The black mayor of 70 percent black Baltimore begged blacks to stop shooting each other, all to make room in the hospital for those sick with the Coronavirus.
The black mayor of 65 percent non-white Houston asks criminals to “chill out” and not commit crime during the Coronavirus pandemic.
What does the black police chief (you can bet she was promoted to the position purely on merit…) of one of America’s whitest big cities do?
Seattle’s top cop may want to get her priorities straightened out. In the midst of the global COVID-19 pandemic, Police Chief Carmen Best used her most recent “chief’s brief” update on the coronavirus crisis to urge residents to dial 911 if they are the victims of racist name-calling.
It’s a time-wasting imperative—and one that’s at odds with the First Amendment.
In her briefing, Best called upon the expertise of a former local news anchor, Lori Matsukawa.
“Hate crimes have no place in our community,” said Matsukawa. “We are all trying to deal with the COVID-19 public health crisis together. If you are a victim of a hate crime or hate-based harassment, please call 911.”
“We will document and investigate every reported hate crime,” Best continued. “Even racist name-calling should be reported to police. If you aren’t sure if a hate crime occurred, call 911. We are here to help.”
This is unhelpful guidance that conflates two completely different things. A hate crime takes place when a person, motivated by animus, engages in criminal activity against a protected class. Importantly, the underlying action has to be criminal in nature: vandalism, assault, etc. Mere speech is not generally criminal, except in a few special cases (true threats of violence, for instance). Racist speech could be an element of a hate crime conviction, but engaging in racist speech is not itself a criminal action. In fact, hateful speech is clearly protected under the First Amendment, according to Supreme Court precedent.
Telling people to report racist name-calling to the police is thus bad advice. At best, it’s wasting police officers’ time. But it can actually lead to far worse consequences: Inviting the police to intervene in speech-based disputes between people is a recipe for disaster. Teachers, counselors, and parents, for instance, could reasonably interpret Best’s remarks as an obligation for them to call the cops on kids who use derogatory language. Over-criminalization of teenage misbehavior in schools is one result of the mindset that people—even kids—causing each other offense ought to be a matter for the police to handle.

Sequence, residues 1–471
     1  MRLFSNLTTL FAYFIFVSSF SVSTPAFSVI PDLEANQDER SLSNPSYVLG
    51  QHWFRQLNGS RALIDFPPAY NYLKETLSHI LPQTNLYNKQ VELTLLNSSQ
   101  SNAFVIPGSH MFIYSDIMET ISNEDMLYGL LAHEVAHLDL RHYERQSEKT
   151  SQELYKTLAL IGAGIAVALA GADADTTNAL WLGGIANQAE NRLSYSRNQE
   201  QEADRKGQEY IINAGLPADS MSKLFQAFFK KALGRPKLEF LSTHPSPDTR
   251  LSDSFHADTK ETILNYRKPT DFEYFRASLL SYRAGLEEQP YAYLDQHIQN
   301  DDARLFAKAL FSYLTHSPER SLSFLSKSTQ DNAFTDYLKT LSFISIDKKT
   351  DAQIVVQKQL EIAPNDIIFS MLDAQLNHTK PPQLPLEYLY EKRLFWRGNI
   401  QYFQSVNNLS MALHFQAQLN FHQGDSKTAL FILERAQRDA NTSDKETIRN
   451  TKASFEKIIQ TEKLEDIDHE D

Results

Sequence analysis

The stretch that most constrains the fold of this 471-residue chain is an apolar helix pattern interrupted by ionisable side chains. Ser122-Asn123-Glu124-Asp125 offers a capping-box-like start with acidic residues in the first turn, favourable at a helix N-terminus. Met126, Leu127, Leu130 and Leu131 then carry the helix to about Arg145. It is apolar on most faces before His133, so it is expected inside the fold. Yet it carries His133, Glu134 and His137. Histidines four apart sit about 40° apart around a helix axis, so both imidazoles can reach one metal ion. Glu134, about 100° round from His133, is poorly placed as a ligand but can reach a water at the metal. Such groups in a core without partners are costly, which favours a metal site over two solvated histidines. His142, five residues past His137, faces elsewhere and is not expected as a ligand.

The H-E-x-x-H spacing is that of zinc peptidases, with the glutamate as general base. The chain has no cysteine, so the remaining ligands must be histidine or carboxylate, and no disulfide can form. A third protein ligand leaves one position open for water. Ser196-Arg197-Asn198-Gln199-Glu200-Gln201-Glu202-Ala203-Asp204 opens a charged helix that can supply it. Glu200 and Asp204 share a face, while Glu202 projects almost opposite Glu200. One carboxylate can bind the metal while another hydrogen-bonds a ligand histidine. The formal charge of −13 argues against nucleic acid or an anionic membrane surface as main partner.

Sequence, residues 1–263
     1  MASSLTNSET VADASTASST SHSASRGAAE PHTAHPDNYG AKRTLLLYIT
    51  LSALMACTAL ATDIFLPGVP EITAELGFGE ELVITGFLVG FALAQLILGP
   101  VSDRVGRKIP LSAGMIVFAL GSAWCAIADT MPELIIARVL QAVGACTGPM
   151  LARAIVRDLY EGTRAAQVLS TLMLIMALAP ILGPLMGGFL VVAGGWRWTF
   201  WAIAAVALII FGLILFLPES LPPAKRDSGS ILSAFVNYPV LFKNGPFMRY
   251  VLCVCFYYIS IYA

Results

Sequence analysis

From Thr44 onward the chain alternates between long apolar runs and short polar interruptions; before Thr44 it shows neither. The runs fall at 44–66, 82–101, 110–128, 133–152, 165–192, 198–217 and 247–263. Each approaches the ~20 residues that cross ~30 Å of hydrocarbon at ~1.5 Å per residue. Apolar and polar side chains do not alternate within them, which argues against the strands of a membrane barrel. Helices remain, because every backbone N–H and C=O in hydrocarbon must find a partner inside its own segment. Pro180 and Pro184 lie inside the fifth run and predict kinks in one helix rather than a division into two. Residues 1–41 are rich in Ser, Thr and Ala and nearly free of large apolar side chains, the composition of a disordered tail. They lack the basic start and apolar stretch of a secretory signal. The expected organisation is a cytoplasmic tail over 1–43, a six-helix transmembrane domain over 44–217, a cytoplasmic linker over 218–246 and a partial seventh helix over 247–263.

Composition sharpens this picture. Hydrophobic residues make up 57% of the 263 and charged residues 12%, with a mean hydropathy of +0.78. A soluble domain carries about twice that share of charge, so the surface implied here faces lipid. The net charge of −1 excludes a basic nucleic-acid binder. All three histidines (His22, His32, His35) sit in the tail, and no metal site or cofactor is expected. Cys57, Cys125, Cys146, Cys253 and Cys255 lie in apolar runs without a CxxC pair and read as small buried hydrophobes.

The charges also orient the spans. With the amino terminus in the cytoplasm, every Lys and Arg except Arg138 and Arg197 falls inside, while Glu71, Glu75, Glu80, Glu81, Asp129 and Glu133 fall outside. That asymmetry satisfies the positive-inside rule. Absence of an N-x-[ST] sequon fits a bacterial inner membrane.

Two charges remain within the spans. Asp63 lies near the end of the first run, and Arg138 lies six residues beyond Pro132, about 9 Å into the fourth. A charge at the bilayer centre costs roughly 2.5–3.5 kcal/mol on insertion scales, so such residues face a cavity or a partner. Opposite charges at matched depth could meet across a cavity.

Yes, the black police chief of one of America’s whitest big cities is encouraging citizens of Seattle to engage in Orwellian acts the Stasi would be jealous of seeing implemented.
What was it Steve Sailer noticed about the authorities in San Francisco trying to keep racial information about the Coronavirus under wraps, in case it might confirm stereotypes by those foolish enough to still engage in pattern recognition in 2020?
From the New York Times:
Amid calls for more transparency, a debate is raging among public health experts over how much data on the spread of the virus should be released.
Thomas Fuller, March 28, 2020
… Across the United States there is even less consistency. New York is listing cases by age bracket, gender and borough despite calls for more localized reporting. Connecticut lists data by town. Florida provides its residents with a wealth of data on the pandemic. The state’s Department of Health has a detailed dashboard and reports showing the spread of the virus — rich with data on the cities affected, the number of people tested, the age brackets of patients, whether they are Florida residents, and the number of cases in nursing homes....
Health departments in the Bay Area make the case that releasing more granular data could heighten discrimination against certain communities where there might be clusters. The first cases in the Bay Area were among ethnic Chinese residents returning from trips to China.
At this point, a hate crime is nothing more than engaging in public acts of pattern recognition.